In the first part of the decade, the A’s had a nice run, making the postseason five times in seven years. “I remember 2000, when we lost the first playoff series in five games, thinking this was the worst team we’ll have for awhile,” he said. “Everything was in place, so after that, we just had to do a little tinkering, picking up Johnny Damon or Keith Foulke. That’s what I’m trying to do now with this team.”

WHAT A JOKE: It’s cruel of the BCS to make Ohio State play out of its conference. Each year, the Buckeyes get an inflated reputation because they play a series of creampuffs in their non-conference schedule and then beat up on the teams in the country’s weakest major conference.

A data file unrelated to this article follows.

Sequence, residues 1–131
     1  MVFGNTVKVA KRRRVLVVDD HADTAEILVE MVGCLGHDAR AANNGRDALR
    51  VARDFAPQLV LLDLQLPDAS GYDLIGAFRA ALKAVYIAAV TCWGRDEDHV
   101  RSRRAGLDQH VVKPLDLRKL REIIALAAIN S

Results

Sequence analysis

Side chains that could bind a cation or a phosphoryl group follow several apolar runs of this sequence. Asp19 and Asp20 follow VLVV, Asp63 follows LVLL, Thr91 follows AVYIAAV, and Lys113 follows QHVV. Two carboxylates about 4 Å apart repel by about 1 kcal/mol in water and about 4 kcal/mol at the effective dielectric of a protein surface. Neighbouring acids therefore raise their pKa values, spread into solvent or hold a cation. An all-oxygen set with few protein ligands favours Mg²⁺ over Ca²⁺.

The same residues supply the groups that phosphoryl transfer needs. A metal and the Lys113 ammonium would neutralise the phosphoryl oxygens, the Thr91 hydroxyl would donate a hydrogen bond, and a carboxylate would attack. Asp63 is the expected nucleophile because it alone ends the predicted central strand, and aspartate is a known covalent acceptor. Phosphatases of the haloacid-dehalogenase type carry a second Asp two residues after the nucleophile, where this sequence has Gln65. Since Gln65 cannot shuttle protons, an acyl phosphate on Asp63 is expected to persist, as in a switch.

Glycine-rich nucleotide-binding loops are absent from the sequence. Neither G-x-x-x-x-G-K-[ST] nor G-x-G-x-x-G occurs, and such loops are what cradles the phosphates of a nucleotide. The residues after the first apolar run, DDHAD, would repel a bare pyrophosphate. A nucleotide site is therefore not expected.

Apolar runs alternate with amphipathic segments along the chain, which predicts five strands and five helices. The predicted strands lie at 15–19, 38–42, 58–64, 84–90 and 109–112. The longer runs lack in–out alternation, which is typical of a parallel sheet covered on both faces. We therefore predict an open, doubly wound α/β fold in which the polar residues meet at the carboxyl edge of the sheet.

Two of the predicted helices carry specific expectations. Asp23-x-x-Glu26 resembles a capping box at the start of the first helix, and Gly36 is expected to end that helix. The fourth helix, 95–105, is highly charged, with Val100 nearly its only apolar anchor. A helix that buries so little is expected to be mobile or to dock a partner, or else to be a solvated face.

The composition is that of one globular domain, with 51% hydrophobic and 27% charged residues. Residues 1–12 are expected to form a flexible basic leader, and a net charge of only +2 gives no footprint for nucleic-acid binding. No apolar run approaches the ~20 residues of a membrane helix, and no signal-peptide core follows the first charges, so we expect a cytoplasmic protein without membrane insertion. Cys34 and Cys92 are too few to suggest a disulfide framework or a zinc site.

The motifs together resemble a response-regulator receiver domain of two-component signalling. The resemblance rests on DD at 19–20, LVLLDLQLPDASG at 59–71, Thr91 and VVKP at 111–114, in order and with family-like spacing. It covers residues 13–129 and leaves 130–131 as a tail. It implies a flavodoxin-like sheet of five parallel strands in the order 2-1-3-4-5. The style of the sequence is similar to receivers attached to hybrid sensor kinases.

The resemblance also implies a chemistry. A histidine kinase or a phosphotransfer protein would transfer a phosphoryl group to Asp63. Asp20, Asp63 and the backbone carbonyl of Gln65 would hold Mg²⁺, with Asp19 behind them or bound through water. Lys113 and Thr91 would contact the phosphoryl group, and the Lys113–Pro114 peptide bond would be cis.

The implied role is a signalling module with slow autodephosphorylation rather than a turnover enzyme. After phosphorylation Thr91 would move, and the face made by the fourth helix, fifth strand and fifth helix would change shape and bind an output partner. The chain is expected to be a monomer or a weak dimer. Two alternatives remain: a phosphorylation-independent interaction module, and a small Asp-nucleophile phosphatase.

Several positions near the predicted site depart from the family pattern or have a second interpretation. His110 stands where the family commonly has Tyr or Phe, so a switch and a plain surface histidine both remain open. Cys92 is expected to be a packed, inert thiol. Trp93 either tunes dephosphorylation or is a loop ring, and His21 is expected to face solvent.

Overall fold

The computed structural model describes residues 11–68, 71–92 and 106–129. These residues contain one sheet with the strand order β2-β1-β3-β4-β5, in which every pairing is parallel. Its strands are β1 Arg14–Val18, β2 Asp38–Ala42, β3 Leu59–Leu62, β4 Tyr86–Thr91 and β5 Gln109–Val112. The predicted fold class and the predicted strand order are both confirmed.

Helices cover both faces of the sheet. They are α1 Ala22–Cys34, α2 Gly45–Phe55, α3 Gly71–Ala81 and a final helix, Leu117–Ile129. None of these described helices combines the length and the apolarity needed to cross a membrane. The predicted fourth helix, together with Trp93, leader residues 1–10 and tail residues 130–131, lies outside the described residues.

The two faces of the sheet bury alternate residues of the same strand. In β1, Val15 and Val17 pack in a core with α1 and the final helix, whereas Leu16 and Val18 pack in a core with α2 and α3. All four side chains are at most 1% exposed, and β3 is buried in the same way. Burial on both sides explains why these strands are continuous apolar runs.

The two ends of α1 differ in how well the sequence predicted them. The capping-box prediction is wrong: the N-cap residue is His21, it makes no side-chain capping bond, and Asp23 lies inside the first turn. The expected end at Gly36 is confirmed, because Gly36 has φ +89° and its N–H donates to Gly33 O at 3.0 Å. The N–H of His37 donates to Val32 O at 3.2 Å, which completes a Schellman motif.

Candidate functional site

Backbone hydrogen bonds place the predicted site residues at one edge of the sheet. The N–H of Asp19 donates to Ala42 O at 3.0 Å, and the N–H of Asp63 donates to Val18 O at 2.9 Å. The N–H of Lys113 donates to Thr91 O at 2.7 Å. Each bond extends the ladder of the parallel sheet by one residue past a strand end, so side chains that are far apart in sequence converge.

Two years in a row, that formula has landed them in the BCS “championship game”, and two years in a row, an SEC team has embarrassed them. This year it was LSU which scored 38 points on the Buckeyes’ supposedly strong defense and won a lopsided game.

Do you think that will finally make the media voters realize how weak the Big Ten is – and also convince those who program the BCS computers to put that information in, so the computer rankings can be more consistent with reality? Let’s hope so.

YORK, AD NAUSEUM:

We shouldn’t be surprised by John York’s decision to keep Mike Nolan. In all the significant decisions he’s made, I can think of only one good one: hiring Andy Dolich, a competent marketing/business man. Dolich will restore some order to the business part of the organization. Unfortunately, he can’t do anything about the football side, which really heeds help.